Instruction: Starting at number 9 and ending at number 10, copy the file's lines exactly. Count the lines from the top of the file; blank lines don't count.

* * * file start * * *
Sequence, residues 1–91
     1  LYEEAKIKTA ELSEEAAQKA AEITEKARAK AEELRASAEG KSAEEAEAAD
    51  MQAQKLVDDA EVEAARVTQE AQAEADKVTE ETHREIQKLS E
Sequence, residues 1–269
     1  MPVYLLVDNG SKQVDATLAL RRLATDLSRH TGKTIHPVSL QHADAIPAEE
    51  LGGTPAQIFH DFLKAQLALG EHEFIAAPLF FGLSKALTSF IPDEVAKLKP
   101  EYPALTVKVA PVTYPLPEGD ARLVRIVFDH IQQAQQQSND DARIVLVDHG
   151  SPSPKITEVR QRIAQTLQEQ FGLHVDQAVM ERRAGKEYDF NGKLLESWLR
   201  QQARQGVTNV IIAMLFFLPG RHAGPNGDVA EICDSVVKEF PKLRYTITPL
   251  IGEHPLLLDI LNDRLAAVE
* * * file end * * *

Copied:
   201  QQARQGVTNV IIAMLFFLPG RHAGPNGDVA EICDSVVKEF PKLRYTITPL
   251  IGEHPLLLDI LNDRLAAVE